A Modern Classic!
All the Light We Cannot See by Anthony Doerr
All the Light We Cannot See gives the reader a close-up view of World War II from the perspective of a French girl and a German boy. Twelve-year-old Marie-Laure is blind. She lives with her father in Paris, and, although her world is small - her neighborhood, the Museum of Natural History where he works, and her apartment - she has the entire world because of reading and her love of nature. Werner is an orphan, living with his sister Jutta in the Children's House in a German mining town. He is fascinated by machinery, circuits, and mathematics.
The lives of these two characters are intertwined through accident and fate throughout the novel, although these connections only become clear as the story unfolds. The suffering, deprivation, danger, and loss of the war are always present, becoming a character on their own at some points.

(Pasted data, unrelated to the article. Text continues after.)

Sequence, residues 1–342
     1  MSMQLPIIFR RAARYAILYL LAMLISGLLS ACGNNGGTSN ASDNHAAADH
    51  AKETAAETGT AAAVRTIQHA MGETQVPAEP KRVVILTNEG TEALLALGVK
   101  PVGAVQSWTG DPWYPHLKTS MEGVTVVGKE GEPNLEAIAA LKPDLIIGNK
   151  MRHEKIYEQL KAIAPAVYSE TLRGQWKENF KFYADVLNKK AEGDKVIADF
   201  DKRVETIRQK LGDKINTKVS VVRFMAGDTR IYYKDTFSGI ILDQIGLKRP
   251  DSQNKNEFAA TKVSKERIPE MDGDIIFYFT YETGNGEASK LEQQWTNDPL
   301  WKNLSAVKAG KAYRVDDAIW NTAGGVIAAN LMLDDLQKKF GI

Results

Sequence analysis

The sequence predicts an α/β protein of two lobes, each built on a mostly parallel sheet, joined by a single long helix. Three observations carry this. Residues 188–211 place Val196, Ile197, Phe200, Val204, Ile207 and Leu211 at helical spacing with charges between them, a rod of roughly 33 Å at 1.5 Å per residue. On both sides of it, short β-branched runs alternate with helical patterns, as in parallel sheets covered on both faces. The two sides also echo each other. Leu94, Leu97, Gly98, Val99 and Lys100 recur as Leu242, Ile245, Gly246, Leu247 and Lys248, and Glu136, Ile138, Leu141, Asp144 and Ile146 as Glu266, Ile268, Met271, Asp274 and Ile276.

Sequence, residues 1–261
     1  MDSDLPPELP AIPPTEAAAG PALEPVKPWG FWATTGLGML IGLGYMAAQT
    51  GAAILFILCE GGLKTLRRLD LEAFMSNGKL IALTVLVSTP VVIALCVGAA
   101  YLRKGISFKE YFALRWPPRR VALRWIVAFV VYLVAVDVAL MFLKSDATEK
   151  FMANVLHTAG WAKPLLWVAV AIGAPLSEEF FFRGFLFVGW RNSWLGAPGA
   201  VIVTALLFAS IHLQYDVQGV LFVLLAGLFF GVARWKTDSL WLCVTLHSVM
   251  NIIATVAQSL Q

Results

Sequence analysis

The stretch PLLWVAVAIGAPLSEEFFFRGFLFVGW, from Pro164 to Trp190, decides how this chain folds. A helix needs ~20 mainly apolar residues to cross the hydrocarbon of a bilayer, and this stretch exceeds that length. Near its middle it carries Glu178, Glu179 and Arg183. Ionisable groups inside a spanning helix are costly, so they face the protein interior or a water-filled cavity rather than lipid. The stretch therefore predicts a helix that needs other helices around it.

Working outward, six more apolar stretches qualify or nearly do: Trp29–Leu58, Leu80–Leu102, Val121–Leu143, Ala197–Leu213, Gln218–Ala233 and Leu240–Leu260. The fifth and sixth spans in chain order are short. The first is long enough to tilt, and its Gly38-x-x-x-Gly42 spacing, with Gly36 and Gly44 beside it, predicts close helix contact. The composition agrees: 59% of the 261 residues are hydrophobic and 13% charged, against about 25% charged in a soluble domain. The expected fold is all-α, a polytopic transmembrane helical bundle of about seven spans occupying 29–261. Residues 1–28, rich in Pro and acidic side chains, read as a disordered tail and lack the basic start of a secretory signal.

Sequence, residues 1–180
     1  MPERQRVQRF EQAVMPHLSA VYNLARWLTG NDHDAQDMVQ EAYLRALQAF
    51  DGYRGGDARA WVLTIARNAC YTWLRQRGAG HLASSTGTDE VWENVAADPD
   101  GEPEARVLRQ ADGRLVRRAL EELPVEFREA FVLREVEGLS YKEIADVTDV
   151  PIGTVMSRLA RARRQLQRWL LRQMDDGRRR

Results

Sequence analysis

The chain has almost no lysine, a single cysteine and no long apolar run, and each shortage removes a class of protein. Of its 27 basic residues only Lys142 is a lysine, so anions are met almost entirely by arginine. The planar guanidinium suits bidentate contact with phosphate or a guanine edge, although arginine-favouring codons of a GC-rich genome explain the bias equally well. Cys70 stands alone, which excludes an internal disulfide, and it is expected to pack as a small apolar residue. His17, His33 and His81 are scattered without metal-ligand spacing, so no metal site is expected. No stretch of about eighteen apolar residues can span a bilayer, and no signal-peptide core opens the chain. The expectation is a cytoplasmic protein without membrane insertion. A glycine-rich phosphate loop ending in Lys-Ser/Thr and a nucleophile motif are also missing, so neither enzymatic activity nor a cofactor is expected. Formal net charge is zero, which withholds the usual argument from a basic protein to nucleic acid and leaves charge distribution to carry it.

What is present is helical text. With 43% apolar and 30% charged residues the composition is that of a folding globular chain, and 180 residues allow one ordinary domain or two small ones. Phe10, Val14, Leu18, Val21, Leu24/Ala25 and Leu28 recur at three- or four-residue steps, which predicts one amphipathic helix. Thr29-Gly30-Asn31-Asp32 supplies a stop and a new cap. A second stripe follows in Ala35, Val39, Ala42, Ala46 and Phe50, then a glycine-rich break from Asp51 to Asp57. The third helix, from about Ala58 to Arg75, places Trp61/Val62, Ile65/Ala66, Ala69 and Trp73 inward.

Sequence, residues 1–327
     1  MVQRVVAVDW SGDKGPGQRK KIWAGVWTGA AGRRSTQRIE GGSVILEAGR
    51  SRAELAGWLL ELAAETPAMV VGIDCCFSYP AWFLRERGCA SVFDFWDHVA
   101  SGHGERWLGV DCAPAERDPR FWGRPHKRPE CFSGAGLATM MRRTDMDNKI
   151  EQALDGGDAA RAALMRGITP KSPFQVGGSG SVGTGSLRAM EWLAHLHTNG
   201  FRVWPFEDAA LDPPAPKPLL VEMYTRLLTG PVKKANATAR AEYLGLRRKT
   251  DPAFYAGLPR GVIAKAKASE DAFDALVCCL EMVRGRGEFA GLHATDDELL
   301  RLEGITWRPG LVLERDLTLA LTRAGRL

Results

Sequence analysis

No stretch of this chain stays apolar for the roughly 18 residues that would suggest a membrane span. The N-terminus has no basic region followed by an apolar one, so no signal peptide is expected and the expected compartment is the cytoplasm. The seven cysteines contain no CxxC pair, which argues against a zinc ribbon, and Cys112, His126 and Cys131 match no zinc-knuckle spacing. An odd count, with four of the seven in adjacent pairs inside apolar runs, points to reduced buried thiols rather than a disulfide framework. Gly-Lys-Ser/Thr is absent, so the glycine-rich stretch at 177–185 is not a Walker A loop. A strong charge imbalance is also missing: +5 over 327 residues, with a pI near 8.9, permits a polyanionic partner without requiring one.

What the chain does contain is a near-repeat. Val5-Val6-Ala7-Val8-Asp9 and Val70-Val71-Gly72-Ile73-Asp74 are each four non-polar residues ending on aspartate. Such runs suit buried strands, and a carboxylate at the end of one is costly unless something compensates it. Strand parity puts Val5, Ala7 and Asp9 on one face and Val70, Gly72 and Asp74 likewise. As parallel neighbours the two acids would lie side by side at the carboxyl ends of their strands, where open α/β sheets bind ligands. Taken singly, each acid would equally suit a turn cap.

The story is suspenseful and engrossing, but what makes this book so special is the lyrical prose. Marie-Laure imagines the world around her with such detail that the reader can see it as if he or she were there standing beside her. Even the minor characters are so skillfully developed that they become living, breathing beings inside the covers of the book. This is the sort of story that remains with the reader long after the book is finished. Characters and scenes are so distinct and beautifully created that they stay in the mind.
This would be a wonderful novel for high school study. Charcaters are not black and white. There is a complexity to this novel that would lead to lively discussions. It brings to life the impact of World War II on common people, giving students the opportunity to view the events of the era from a new perspective. I highly, highly recommend this novel.